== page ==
Dinner, $8 to $32; “Opium Hour,” Sunday through Friday, 4 to 7 p.m., and 9:30 p.m. to midnight.
No. 21, an elevated banquette opposite the bar.
Look for patio seating to premiere in warmer weather.
30832 S. Coast Highway
Ten minutes north, where Laguna Beach thickens with activity, Katsuya by Starck overlooks Coast Highway. Barely recognizable as the former digs of Hush, Katsuya struts into town—an L.A. scene-magnet. White-on-white surroundings, including oversize images of geisha eyes that survey the venue, are hallmarks of design icon Philippe Starck. A luxe sushi-heavy menu of Japanese cuisine is master sushi chef Katsuya Uechi’s contribution. Spendy cocktails and a nonchalant élan are the stock and trade of SBE Group, the hospitality giant behind four Katsuya siblings in L.A. and those to come in Houston and Miami.
I slip in early on a Tuesday. The sleek bar is filling fast with a cool crowd I see often at buzzy new spots—women in high-altitude heels and guys flashing watches the size of coasters. Masterfully executed with premium ingredients, two $14 signature martinis—the serrano-spiked Burning Mandarin and the Grapefruit Cosmo with white cranberry juice—are superb. We order them from a menu with no prices.
Since this location offers a considerable roster of robata items cooked over searing charcoal, we swap sushi bar seating for a booth with a huge window, tastefully screened by massive bamboo planters. Vast and almost meandering, the menu has much to consider, including prices. Our waitress is a well-versed guide. Of several prix fixe meals, we order a “best of the best” tasting menu featuring Katsuya’s most famous fare including crispy rock shrimp in spicy cream sauce, which recalls similar dishes at countless good sushi bars. Glistening sashimi is a tame sampler of salmon, yellowtail, and tuna. Crispy rice with spicy tuna, touted as the “most flavorful dish on the menu,” is satisfying mouthfuls of contrasts—velvety, crunchy, and fiery. It’s tasty, though hardly extraordinary as promised.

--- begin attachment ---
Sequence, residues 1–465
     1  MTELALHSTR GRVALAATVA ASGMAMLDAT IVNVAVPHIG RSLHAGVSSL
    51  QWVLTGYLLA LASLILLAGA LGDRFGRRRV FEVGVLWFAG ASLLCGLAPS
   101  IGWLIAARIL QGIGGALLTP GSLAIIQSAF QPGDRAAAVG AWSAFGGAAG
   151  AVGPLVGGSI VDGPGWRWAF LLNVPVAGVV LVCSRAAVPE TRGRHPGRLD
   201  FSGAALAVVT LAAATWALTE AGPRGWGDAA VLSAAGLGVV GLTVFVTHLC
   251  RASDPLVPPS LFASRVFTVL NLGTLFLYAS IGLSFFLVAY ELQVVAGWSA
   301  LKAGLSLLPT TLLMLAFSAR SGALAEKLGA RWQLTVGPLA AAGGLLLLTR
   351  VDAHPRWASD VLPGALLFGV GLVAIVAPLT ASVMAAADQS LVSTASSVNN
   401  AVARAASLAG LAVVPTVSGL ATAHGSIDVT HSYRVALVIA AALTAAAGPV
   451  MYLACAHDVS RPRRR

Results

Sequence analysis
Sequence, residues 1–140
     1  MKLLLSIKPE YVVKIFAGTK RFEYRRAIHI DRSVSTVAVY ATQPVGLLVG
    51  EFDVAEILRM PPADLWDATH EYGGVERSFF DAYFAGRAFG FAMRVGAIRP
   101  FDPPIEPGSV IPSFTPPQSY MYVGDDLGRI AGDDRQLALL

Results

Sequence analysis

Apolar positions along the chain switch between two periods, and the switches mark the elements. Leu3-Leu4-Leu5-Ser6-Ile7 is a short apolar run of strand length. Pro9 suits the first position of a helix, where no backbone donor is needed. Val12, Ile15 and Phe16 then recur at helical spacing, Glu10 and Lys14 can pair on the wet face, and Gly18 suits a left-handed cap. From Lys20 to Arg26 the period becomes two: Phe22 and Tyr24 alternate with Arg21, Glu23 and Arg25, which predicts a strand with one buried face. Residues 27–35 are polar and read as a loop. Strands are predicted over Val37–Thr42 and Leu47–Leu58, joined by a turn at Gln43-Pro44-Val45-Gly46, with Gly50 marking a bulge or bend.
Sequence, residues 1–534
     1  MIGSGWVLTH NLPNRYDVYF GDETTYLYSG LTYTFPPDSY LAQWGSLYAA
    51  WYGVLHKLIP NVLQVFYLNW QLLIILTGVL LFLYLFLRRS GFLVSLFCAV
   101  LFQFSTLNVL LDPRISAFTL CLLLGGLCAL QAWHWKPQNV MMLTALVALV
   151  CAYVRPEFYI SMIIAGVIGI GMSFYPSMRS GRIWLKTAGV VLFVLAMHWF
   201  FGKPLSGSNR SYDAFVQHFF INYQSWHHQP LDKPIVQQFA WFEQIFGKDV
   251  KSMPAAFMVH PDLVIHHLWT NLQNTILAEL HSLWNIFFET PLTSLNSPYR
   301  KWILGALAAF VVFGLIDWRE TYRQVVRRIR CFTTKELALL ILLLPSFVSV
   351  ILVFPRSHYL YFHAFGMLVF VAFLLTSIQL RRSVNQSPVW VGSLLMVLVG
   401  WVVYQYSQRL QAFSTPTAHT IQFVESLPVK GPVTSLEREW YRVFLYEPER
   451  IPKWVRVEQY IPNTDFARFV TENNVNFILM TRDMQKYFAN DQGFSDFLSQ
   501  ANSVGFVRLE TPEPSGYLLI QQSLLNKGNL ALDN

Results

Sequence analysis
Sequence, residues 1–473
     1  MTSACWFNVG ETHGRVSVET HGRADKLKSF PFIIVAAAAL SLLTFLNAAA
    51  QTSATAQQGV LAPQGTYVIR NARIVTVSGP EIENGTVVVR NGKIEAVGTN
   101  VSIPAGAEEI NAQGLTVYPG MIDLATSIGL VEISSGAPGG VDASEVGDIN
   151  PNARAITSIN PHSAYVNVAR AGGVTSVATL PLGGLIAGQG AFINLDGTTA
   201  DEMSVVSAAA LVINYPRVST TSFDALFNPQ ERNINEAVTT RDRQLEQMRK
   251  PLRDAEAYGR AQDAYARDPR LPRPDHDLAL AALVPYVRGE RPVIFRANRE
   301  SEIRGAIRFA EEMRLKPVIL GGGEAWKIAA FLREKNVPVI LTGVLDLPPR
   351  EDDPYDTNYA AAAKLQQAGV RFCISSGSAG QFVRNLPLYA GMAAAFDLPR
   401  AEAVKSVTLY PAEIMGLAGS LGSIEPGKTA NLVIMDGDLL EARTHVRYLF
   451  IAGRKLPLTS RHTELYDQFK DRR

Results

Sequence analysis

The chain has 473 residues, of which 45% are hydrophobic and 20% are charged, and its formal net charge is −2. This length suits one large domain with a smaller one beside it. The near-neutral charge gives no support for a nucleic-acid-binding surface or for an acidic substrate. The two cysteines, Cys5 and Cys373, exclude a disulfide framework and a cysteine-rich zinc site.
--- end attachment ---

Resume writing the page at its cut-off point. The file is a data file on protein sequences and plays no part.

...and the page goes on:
Medallions of Kobe filet topped with sautéed foie gras is ultrarich-on-rich, but needs acidic contrast that the plum-sauce reduction doesn’t supply. Miso-marinated black cod is capably prepared, but is another round of sweet notes best ordered alongside savory dishes. Dainty robata skewers of peewee potatoes and eggplant are much-needed starchy relief. Skip the robata-grilled chicken meatballs—they’re dry and nondescript.
Dessert is a minisampler of crème brûlée, chocolate cake, and cheesecake that recalls a catered sweet station. A $5 pot of weak hot tea ends the pricey meal with a thunk. Katsuya’s expensive drinks, slick digs, and ordinary fare amount to a formula that’s hardly new. When I learn there’s a kids’ menu, I figure SBE truly is set on wooing our suburban market.
Signature cocktails, crispy rice with spicy tuna, crispy rock shrimp, eggplant-potato robata, Kobe filet with foie gras, miso-marinated black cod.
Dinner, $12 to $65.
Dragon Room booths, patio.
Lagunatics who show a California driver’s license save half off the entire food menu every Monday from 5 to 10 p.m. through Dec. 31.
Katsuya by Starck
858 S. Coast Highway
Photographs by Jessica Boone
This article originally appeared in the December 2011 issue.